Seaside Special

RICHARD BATSON Pavilion Theatre, Cromer


Pavilion Theatre, Cromer

Watershed birthdays with a zero on the end are often time to prove, through a display of youthfulness and vigour, you are not getting old and past it.

This show, celebrating its 30th anniversary, is no exception - its timeless mix of traditional variety occasionally loosening its necktie and pulling on a trendy tee-shirt.

There were some gambles - as an audience, who not many years ago sang along to music hall tunes, found itself clapping along to rap music.

But it paid off, and, after an energetic disco finale, the cast bowed to the first standing ovation I can remember in 16 years of covering opening nights.

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Dance is again at the heart of the show's success, and provides some of the “wow” moments, as director Di Cooke's creativity combines with stunning sets and costumes. A mesmerising combination of ballet and gymnastics in a fantasy scene, and a Chitty Chitty Bang Bang routine, complete with flying car, were highlights of a slick opening night.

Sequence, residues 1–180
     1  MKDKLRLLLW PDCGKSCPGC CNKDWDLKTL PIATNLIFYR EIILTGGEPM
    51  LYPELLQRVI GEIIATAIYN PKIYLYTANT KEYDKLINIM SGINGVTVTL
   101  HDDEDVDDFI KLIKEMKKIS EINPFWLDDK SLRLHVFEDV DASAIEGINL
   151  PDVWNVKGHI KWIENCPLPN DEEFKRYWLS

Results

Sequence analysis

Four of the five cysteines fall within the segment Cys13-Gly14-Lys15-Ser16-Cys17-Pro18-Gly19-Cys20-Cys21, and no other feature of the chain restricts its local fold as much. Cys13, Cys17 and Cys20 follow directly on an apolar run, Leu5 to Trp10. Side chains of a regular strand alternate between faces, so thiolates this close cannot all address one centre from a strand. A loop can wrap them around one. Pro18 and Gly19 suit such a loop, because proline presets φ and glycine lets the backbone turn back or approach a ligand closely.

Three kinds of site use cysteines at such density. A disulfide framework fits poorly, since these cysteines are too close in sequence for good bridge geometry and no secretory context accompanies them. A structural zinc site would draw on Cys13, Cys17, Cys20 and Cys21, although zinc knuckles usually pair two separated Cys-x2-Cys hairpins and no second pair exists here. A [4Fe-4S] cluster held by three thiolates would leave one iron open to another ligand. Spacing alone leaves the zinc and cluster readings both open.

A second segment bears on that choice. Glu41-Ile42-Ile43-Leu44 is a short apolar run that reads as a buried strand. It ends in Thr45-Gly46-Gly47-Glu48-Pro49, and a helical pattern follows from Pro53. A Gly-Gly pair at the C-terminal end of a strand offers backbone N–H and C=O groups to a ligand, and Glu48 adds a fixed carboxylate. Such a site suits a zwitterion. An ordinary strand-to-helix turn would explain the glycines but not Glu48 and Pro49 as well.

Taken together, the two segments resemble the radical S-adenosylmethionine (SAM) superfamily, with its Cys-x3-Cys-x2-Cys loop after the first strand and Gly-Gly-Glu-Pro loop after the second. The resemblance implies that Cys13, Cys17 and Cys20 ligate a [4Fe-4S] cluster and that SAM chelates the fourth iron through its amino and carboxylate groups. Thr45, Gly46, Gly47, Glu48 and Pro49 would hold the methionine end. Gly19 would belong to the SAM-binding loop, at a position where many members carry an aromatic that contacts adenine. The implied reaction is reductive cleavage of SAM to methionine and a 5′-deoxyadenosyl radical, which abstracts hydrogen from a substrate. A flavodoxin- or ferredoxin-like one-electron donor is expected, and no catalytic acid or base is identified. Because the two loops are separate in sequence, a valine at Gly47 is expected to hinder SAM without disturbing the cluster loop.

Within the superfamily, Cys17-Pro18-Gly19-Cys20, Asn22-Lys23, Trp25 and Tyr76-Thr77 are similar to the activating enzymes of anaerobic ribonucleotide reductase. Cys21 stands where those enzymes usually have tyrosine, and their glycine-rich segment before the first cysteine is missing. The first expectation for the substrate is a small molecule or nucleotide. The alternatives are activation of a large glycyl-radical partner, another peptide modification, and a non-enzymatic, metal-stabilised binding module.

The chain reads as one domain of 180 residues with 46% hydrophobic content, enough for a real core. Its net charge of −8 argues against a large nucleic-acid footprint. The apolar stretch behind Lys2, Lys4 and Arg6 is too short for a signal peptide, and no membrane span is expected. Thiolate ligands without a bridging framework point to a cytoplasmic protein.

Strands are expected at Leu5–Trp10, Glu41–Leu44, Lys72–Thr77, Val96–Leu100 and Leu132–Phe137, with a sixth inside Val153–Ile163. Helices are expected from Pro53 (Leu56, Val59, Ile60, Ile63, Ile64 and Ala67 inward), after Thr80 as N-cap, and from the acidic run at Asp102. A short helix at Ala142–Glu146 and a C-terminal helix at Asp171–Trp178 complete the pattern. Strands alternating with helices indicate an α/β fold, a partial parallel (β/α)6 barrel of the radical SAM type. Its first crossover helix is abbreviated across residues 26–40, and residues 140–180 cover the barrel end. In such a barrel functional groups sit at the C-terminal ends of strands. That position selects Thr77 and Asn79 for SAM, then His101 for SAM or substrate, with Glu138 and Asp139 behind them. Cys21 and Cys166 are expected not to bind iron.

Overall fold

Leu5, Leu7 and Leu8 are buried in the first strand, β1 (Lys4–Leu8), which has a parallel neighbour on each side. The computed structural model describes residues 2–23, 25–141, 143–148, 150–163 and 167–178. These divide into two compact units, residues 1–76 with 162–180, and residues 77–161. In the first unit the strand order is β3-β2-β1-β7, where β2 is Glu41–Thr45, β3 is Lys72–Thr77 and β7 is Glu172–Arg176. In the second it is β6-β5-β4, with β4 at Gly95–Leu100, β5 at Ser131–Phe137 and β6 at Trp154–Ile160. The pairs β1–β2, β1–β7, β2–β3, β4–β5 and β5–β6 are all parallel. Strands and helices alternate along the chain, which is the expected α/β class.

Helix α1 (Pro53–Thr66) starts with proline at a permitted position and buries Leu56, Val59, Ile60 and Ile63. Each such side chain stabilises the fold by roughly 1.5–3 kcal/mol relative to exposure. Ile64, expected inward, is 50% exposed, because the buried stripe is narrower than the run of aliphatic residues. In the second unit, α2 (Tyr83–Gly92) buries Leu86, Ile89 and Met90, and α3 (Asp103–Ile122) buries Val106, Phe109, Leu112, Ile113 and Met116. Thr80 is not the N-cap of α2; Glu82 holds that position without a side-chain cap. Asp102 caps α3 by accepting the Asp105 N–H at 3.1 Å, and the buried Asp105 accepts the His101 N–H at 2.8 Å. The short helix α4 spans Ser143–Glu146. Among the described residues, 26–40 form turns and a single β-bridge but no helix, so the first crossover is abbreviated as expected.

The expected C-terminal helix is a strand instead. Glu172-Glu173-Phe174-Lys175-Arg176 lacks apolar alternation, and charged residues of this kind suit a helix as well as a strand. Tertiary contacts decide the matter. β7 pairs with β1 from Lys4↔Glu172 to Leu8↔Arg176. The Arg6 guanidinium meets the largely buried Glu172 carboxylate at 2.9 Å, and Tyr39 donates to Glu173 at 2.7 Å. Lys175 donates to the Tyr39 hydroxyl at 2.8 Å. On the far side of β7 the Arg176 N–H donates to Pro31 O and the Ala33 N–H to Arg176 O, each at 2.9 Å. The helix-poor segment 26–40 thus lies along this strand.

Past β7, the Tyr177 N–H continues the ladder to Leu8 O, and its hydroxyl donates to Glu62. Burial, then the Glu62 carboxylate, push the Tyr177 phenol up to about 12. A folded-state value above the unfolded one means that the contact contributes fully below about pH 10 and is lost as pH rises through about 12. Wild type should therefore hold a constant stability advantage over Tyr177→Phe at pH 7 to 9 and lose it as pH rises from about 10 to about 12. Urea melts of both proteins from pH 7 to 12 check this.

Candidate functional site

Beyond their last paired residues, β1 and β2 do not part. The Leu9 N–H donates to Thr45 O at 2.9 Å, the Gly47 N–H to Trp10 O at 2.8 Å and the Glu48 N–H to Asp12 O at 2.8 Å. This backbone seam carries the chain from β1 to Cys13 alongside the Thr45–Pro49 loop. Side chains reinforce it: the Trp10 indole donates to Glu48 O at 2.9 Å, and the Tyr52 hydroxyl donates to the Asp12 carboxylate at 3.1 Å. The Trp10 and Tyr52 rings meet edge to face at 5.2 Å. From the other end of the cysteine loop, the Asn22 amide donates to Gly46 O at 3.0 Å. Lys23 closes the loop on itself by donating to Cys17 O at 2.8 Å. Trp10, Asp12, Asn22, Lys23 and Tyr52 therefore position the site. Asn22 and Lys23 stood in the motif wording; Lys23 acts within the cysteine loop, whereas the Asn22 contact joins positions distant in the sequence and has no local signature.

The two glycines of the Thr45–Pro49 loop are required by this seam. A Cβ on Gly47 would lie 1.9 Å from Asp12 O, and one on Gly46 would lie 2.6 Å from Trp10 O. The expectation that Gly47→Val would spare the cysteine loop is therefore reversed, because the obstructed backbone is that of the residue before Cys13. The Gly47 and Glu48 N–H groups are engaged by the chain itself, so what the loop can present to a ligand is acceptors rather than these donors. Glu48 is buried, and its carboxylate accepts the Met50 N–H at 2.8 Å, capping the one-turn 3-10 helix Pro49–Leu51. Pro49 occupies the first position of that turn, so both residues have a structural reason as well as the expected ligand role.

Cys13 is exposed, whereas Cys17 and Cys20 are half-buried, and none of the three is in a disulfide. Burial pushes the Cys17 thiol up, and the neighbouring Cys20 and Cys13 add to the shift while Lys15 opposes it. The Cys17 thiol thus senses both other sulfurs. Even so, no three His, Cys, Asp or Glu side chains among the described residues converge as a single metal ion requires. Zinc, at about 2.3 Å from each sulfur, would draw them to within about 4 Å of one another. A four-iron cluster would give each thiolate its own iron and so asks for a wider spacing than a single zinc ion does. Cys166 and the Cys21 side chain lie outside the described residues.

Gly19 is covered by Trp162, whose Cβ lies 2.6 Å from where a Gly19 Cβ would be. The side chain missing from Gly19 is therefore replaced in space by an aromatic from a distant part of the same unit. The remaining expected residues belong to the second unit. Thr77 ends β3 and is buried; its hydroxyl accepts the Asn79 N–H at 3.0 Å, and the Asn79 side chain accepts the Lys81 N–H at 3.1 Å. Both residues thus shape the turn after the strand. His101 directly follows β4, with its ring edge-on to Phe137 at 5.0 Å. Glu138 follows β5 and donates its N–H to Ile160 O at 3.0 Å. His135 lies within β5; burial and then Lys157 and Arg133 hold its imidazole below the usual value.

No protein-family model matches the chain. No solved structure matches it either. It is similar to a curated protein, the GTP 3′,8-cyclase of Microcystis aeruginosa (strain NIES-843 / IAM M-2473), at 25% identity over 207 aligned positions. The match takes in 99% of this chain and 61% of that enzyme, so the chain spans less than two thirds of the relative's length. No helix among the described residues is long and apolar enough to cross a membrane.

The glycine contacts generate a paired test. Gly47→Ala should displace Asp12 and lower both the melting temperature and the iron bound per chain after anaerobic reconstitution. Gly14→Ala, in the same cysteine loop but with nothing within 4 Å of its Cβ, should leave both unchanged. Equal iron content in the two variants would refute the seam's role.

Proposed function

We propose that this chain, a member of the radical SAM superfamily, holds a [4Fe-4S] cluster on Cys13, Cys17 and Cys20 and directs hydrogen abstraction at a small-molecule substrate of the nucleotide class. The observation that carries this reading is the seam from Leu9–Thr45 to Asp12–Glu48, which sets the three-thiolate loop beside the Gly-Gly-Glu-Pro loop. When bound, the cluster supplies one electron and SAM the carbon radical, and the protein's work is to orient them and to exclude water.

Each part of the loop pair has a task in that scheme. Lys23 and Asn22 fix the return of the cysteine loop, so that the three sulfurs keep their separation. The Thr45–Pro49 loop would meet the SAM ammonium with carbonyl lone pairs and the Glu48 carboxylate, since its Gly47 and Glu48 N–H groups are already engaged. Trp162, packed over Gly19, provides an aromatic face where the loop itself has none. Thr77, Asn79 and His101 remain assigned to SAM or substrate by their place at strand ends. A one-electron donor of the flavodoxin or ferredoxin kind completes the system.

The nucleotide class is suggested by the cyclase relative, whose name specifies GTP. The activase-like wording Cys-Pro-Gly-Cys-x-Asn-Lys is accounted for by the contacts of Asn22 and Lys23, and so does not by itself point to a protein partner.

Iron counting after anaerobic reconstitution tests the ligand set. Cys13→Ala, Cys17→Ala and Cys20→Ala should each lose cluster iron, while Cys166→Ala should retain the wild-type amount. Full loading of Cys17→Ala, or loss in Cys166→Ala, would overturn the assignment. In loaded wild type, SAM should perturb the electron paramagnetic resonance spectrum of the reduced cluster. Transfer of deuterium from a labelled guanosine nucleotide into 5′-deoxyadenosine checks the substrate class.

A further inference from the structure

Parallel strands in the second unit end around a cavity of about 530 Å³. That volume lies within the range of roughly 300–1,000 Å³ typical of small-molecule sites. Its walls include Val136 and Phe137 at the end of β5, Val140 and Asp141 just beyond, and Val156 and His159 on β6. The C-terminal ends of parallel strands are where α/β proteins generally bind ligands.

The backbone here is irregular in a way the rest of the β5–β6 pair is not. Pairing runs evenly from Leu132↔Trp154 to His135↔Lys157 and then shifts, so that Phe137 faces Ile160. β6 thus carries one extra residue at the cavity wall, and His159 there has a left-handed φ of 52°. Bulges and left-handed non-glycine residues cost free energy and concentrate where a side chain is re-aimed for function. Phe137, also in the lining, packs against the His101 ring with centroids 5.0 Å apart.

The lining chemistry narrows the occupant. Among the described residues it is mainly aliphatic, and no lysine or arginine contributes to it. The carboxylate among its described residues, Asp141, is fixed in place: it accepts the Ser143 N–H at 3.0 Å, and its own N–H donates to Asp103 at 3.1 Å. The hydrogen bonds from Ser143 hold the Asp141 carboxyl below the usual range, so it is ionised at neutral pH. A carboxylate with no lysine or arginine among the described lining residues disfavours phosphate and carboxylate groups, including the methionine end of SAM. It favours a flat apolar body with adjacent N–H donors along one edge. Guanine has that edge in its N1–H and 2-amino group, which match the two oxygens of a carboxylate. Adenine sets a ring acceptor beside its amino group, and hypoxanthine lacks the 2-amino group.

Headline comic Peter Piper proved an instant hit with the crowd, with his combination of comedy, a good singing voice and impressions - watch out for a stunning Basil Fawlty.

Comic ventriloquist Steve Hewlett combines funny material with technical brilliance. Who else could enthrall with a routine talking to his naked hand?

Vocalist Harvey James can switch effortlessly between pop and opera and is well teamed with sweet-voiced soprano Louise Franck.

Faultless flautist Julie Groves adds another dimension to the music, though the volume from the electronically enhanced one-man “pit” sometimes swamped the singers on opening night.

The Special continues to live up to its name. Where else can you watch a gorilla running around on stage one minute, then listen to a piece of classical flute music the next?

And the show has also done what we would all like to do - to mature and get younger at the same time.

t Seaside Special runs until September 22.

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